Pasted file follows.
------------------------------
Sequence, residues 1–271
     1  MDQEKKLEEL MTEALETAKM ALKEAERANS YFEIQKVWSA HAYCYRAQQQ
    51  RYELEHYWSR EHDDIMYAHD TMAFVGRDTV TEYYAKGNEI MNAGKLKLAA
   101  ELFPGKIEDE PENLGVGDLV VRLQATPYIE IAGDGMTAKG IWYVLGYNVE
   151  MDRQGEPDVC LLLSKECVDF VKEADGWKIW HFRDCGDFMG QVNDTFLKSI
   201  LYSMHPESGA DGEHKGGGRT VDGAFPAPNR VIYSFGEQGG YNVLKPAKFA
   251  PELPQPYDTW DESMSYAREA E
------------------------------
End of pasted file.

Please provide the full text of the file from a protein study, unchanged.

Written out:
Sequence, residues 1–271
     1  MDQEKKLEEL MTEALETAKM ALKEAERANS YFEIQKVWSA HAYCYRAQQQ
    51  RYELEHYWSR EHDDIMYAHD TMAFVGRDTV TEYYAKGNEI MNAGKLKLAA
   101  ELFPGKIEDE PENLGVGDLV VRLQATPYIE IAGDGMTAKG IWYVLGYNVE
   151  MDRQGEPDVC LLLSKECVDF VKEADGWKIW HFRDCGDFMG QVNDTFLKSI
   201  LYSMHPESGA DGEHKGGGRT VDGAFPAPNR VIYSFGEQGG YNVLKPAKFA
   251  PELPQPYDTW DESMSYAREA E